He also gave numerous talks, seminars, and colloquia nationally and worldwide. He graced such universities as: M.I.T., Michigan State University, University of Michigan, University of Hawaii, University of Pennsylvania, Princeton University, University of Rhode Island, and University of Virginia. His conference presentations included: American Economic Association, Atlantic Economic Society; East-West Center, International Communications Agency, Institute of Electrical and Electronic Engineers, Pacific Telecommunication Council, U.S.-Asian Institute, and Western Economic Association International.

Dr. Levin was also a community activist concerned with government control of the media. He gave a number of presentations dealing with censorship and legislation in Congress that impacted First Amendment rights. In the early 1950s he was on the National Council of the Emergency Civil Liberties Union, and in the 1970s he was a member of the "Man in Crisis Committee" at the Unitarian Universalist Church of Central Nassau, and a member of the National Citizens Committee for Broadcasting. In 1979 he served on the Honorary Advisory Board of the Long Island Coalition for Fair Broadcasting, Inc.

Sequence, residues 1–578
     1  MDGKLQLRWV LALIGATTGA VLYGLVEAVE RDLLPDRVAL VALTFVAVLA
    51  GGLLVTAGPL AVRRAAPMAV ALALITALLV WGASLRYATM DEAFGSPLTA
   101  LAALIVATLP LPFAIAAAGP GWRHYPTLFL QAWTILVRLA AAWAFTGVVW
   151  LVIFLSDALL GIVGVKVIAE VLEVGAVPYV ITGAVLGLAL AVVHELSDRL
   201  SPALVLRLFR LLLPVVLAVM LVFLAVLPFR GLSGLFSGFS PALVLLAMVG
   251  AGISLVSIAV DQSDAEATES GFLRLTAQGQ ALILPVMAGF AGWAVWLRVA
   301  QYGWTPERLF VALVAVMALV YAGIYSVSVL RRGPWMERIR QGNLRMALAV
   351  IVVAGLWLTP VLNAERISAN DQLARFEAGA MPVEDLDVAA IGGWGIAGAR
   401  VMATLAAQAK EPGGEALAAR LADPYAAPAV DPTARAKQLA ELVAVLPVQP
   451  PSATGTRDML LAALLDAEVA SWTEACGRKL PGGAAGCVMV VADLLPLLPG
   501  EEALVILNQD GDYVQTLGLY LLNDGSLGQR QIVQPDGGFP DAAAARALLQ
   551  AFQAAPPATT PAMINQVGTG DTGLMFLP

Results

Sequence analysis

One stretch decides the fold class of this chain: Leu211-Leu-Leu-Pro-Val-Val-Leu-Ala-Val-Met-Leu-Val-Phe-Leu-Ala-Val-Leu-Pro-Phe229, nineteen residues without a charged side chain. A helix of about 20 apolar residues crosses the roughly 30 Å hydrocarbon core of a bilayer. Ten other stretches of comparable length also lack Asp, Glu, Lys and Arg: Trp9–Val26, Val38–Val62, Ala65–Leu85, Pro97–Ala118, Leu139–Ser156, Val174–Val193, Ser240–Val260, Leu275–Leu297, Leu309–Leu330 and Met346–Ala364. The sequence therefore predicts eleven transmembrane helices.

In 1975, in memory of his deceased wife, Dr. Levin and his son, Adam, established the "Rhoda Pinsley Levin Memorial Award in Musical Performance" at Hofstra. The award was to be given to a senior piano student and was initially funded for five years at $100 an award. The award was later reestablished in 1989 as the "Rhoda Pinsley Levin Award for Excellence in Music Performance."

The Harvey J. Levin Papers are arranged in 9 series.

Note: Certain papers in this collection are restricted.

  1. Biographical, Personal, and Background Materials (1946-1994) are arranged in chronological and topical order.
  2. Hofstra College/University Activities (1958-1994) are arranged in three sub-series in topical and chronological order.
    1. General Faculty Activities (1958-1994)
    2. Augustus B. Weller Professor of Economics (1964-1986)
    3. Public Policy Workshops (PPW) (1975-1994)
  3. Teaching Experience (1951-1990) is arranged in chronological order.
    1. Non-Hofstra Teaching (1951-1973)
    2. Hofstra Teaching (1955-1990)
  4. National Science Foundation (NSF) Activities (1966-1990) are arranged in chronological order.
    1. Proposals, Grants, Reports, Reviews (1966-1990)
    2. Related Correspondence/Memoranda (1970-1980)